Fleetwood 60 Castilian Estate upholstered as Brougham d’Elegance
Just more superlative-superlatives………in the continuing saga of “As the Standard of the World Turns.”
From the tidbits I was able to gather, Traditional Coach Works was in business only three years and its founder is deceased. James Kribbs was an employee of Wilshire Cadillac in a managerial capacity and got the idea to create elegant Cadillac conversions of distinction aka the Fleetwood 60 Castilian Estate. His son Michael posted some details on the internet but the details are limited. The very first of Kribb’s conversions, the Mirage pick-up was bought by Evel Knievel.
Cadillac Mirage pick-up from Customer’s Car Show for Tru-Spoke Wheels at Motorsport Inc. This pristine example is owned by Robert Winchell.
“As the Standard of the World Turns…..”
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I had a1975 Castilian Estate Wagon. It was black with red leather interior. I loved it. Bought it in the year 2000 and had it for 8 years. People used to freak out at it often and I had several people try to buy it. But I just said no way ! I also had 2 1977 Colony Park Wagons. Got them when new and had them for 33 years ! They live now only in my memory and photographs.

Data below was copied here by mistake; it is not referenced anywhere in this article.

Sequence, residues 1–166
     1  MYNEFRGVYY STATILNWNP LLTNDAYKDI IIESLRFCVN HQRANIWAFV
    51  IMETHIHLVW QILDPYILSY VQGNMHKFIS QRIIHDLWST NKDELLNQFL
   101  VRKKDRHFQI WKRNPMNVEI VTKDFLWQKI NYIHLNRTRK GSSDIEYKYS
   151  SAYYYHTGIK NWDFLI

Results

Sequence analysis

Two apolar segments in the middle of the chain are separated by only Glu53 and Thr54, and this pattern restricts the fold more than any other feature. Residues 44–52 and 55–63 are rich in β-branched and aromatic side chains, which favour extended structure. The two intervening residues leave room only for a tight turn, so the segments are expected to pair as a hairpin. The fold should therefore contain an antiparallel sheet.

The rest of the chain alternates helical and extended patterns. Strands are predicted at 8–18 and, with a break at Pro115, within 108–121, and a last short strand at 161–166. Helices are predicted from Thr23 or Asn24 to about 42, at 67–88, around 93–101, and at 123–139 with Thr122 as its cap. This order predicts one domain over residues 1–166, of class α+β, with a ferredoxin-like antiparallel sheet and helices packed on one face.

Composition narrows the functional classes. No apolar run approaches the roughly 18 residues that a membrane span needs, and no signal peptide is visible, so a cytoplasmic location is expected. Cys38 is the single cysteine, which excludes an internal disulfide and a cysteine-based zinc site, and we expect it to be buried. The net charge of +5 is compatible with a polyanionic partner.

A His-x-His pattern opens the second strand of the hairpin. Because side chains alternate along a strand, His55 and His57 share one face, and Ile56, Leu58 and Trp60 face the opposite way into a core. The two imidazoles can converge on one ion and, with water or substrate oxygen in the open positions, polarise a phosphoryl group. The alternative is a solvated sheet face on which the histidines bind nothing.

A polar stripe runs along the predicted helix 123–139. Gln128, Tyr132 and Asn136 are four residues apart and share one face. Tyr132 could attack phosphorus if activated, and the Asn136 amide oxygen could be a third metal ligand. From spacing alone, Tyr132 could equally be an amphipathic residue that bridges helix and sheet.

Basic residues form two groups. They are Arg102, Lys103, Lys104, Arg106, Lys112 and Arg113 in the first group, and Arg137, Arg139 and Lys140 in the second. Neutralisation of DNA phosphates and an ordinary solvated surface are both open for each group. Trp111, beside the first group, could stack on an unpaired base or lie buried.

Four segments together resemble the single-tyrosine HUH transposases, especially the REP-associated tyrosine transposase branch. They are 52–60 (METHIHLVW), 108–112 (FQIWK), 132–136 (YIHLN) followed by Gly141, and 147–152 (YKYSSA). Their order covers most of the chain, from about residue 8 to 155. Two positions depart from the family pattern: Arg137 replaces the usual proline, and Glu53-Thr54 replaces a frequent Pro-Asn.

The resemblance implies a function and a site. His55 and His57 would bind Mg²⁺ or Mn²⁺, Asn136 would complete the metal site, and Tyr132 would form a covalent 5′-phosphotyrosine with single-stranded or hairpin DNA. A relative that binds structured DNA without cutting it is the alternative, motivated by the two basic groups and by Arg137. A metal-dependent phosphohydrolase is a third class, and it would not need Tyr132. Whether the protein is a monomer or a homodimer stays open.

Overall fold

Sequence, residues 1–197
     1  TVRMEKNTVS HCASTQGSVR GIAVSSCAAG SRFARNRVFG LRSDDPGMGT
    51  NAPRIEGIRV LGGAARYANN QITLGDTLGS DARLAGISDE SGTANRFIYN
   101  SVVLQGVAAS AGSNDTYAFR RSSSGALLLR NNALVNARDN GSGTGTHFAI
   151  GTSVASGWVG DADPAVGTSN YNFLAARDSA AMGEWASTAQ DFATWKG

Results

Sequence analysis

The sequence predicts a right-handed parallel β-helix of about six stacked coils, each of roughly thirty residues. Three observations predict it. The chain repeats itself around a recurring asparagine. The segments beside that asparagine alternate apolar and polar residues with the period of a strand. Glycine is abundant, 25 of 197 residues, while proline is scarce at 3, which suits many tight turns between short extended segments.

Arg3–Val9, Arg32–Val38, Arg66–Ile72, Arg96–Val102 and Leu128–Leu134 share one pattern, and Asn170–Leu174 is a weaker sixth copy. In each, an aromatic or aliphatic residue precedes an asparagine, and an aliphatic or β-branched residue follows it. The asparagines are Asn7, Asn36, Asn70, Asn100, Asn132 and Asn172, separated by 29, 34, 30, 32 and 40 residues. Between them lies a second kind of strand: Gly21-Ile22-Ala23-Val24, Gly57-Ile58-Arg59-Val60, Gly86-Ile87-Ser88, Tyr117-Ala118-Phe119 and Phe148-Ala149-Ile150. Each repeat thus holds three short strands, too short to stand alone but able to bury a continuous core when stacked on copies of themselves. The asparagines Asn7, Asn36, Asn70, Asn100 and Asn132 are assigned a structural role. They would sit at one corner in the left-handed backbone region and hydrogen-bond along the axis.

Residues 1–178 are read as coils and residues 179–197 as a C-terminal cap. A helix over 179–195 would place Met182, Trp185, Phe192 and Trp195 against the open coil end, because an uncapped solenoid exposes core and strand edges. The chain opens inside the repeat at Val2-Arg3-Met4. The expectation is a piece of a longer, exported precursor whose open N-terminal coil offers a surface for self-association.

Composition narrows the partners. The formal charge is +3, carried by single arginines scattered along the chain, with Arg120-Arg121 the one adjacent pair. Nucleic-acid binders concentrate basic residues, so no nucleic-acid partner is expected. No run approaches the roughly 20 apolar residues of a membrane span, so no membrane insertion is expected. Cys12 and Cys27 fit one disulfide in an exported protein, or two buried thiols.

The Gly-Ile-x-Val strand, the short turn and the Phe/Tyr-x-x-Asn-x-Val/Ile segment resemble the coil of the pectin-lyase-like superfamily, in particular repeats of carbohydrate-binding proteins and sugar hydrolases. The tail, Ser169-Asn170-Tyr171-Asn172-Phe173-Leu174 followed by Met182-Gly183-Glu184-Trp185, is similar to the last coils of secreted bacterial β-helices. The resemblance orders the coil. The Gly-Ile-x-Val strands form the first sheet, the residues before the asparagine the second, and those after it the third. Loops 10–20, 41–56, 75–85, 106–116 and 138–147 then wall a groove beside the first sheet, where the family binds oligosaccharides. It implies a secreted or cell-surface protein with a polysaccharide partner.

Kneivel had a red Cad pickup that was built by Gene Winfield. Did he _also_ have a Mirage?
Amazing things here. I am very happy to peer your post.
Thank you so much and I’m having a look forward to contact you.
Will you please drop me a e-mail?
Hello! Glad you liked the site. I am still updating many of the stories and logistics to make it even better. Out of everything on this site, it’s the classic Cadillac articles that are viewed the most.
Thank you for all the information on the Cadillac station wagon. I’m reviewing all the possible information that I can find on said automobile. I’ve found one. I can’t come up a price gauge. I surely don’t want to over pay such an automobile that Gergeral Motors never produced. Thank you.
The internet defines shooting brake as a 2 door wagon. I had to look that up. I’ve seen 2 door Chevy wagons, never heard the term shooting brake.
Shooting brake is the European way of saying station wagon. Whatever you call this Caddilac, I sure would like one.